Although researchers have a hard time getting people to be honest about infidelity and extramarital affairs, studies have shown that about 25 percent of men and 10 to 15 percent of women report having had sex with someone other than their spouse, according to healthymarriageinfo.org. There have also been separate reports indicating that most infidelity – and divorce – happens before a couple’s seventh wedding anniversary. Whether that’s true or not is difficult to prove. What is certain is that infidelity is among the leading causes of divorce. And newlyweds should take the necessary steps to protect their marriage and prevent infidelity. Here is what you can do to affair-proof your marriage:
Make your marriage your top priority.
Making your marriage your top priority means that your spouse comes before everyone else. Friends and family are important, too, but they should not interfere with your relationship. In other words, if your friend just split up with her boyfriend of two months and wants to hang out with you, but you had plans with your husband, you should tell your friend that you’ll have to talk at some other time. If you’ve spent the last week working late and spending more time with your colleagues at work than you have with your spouse, carve out some family time, shut off your cell phone and computer, and make the most of the moments, hour, day, whatever you could get for your love. Make decisions together and put the needs of your spouse and you above all others.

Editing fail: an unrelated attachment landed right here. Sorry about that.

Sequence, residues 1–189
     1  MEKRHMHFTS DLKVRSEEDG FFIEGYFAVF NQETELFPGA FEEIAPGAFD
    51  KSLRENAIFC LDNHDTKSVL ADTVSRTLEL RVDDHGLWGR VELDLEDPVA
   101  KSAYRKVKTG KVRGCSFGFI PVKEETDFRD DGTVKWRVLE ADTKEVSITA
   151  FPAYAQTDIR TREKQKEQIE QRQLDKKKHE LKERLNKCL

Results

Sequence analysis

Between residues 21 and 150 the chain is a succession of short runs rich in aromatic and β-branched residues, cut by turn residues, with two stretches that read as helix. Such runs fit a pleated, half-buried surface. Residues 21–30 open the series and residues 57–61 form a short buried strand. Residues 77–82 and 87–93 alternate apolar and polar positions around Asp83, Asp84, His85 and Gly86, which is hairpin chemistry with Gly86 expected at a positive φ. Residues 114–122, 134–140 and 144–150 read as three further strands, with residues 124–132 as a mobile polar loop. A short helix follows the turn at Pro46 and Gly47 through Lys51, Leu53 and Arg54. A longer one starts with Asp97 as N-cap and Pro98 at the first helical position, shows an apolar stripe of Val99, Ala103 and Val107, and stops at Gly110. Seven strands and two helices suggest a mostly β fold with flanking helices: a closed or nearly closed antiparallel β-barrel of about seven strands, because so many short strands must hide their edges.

Some people are naturally friendly and/or flirtatious, and this can get them into trouble when they marry. Certain behavior might give others the wrong ideas about your relationship with them, which can cause awkward situations. The last thing a married person should want to do is send signals to others that he or she is available or interested in a romantic relationship. Become aware of your behavior and change it. Keep working relationships professional, for example, by limiting conversations to work and small talk. Inappropriate behaviors like touching or revealing intimate details of your marriage or sex life should never happen with others, especially those at work. Those kinds of conversations should be reserved for your spouse. You risk stepping over the line when you start sharing intimate thoughts or personal feelings with someone who is not your spouse. Keep in mind that this is true also of strangers you meet on the Internet and not just colleagues or friends you know in your offline life. Your spouse should be the person with whom you share your personal life.
Do not keep secrets from your spouse.
Short of that surprise party you’re planning for your spouse, you should be able to tell him or her anything and everything. If you feel as though you have to lie about where you’ve been, who you’ve been with, or what you’ve been doing, then you know you have stepped over the line into betrayal.